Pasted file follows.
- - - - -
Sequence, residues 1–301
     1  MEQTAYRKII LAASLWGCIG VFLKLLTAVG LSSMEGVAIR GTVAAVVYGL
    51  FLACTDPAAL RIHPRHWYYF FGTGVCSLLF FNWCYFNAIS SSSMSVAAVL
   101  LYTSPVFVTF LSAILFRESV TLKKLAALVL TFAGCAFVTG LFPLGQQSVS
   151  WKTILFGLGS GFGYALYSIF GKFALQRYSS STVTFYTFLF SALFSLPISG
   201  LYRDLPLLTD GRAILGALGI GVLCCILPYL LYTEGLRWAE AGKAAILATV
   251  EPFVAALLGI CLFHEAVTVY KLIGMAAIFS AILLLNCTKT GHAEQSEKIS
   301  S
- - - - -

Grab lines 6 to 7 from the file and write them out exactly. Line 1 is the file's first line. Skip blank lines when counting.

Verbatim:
   201  LYRDLPLLTD GRAILGALGI GVLCCILPYL LYTEGLRWAE AGKAAILATV
   251  EPFVAALLGI CLFHEAVTVY KLIGMAAIFS AILLLNCTKT GHAEQSEKIS